The biggest rival for the Discovery comes from within Land Rover itself in the shape of the Defender. The five-door 110 model is available as a seven-seater - although the rearmost row is tighter than you'll find in a Discovery - while the recently revealed Defender 130 has an eight-seat option. Other seven-seat premium SUVs include the Audi Q7, BMW X5, Mercedes GLE and Volvo XC90, although none of these are as spacious in the rearmost row as the Discovery. The only car that can match it is the Tesla Model X, although it won't get anywhere near the Discovery off road.
Here we're driving the D250 version of the Discovery in R-Dynamic SE trim.
The Land Rover Discovery model range
Irish pricing for the Land Rover Discovery starts at €69,669, although this is for the two-seat Commercial version. If you want a seven-seater, then that jumps to an even more substantial starting price of €109,279.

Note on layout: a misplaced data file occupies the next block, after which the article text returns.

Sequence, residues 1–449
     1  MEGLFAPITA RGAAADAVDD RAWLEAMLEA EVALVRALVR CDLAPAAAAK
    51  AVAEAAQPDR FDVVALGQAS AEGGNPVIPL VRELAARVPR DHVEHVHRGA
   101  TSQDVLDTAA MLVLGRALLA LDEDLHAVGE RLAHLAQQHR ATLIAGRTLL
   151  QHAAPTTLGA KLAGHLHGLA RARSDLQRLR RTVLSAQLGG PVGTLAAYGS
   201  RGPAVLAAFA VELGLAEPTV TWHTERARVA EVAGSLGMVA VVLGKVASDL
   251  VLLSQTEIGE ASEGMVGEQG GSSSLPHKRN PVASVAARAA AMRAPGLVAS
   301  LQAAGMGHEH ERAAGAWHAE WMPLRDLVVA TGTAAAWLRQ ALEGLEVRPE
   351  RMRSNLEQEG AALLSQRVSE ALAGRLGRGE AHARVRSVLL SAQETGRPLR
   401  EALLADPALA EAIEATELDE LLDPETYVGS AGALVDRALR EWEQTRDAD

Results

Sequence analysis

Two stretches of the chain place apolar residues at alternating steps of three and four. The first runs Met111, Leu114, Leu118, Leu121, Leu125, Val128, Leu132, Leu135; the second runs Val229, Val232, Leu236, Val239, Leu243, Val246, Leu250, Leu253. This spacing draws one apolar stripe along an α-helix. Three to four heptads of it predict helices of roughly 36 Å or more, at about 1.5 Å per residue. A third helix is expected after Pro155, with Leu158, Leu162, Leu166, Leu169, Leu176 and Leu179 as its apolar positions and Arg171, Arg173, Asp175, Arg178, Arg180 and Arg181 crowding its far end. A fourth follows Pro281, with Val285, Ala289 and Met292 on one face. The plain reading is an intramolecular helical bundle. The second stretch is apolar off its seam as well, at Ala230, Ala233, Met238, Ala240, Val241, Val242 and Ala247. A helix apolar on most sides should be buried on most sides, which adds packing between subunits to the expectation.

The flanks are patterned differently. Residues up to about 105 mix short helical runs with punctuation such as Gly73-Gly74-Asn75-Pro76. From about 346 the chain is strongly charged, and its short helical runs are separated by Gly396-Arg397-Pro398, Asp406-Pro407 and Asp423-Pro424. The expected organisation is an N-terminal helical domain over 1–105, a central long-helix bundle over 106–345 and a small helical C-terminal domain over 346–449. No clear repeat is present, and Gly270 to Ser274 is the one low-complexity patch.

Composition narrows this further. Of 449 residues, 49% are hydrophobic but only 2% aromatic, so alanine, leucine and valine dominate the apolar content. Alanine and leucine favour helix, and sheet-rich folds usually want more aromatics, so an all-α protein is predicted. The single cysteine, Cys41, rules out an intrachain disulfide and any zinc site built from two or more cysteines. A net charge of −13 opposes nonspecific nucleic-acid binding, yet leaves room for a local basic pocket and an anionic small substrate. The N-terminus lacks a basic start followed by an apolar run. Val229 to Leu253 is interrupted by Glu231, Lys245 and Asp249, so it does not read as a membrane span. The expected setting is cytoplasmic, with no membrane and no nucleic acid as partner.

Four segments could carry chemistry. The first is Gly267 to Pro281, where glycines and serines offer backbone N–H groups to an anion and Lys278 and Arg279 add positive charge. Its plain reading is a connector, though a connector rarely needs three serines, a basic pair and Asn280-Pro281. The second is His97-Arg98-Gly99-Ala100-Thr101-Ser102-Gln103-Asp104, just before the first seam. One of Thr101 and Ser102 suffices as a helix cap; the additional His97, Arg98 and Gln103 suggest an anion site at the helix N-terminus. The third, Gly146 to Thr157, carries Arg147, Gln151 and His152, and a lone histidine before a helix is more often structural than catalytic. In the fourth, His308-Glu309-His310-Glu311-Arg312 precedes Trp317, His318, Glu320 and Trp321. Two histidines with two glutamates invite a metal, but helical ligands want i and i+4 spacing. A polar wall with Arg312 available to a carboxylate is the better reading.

As you'd expect, a tag that high for the 'entry-level' R-Dynamic S model means you're not left wanting for equipment. There are automatic LED lights front and rear, 20-inch wheels, auto wipers, keyless entry, a powered tailgate, heated electrically adjustable mirrors, electrically adjustable leather-trimmed seats, two-zone climate control, 360-degree cameras with front and rear parking sensors, blind-spot assist, the new 11.4-inch Pivi Pro touchscreen infotainment and the Terrain Response 2 system.
Next up is SE, which has largely the same stuff, save for 21-inch wheels, an upgraded Meridian sound system, gloss-black cabin trim instead of a dark aluminium finish, different exterior trim and premium LED headlights with high beam assist. If you want the upgraded looks of R-Dynamic, then the R-Dynamic SE is around €6,500 extra.
At the top of the range, the R-Dynamic HSE pulls out the stops, with matrix LED headlights, 22-inch wheels, higher-grade leather for upgraded 20-way adjustable heated and cooled seats and an even higher-spec Meridian sound system. This adds a premium of around €9,750 to R-Dynamic SE.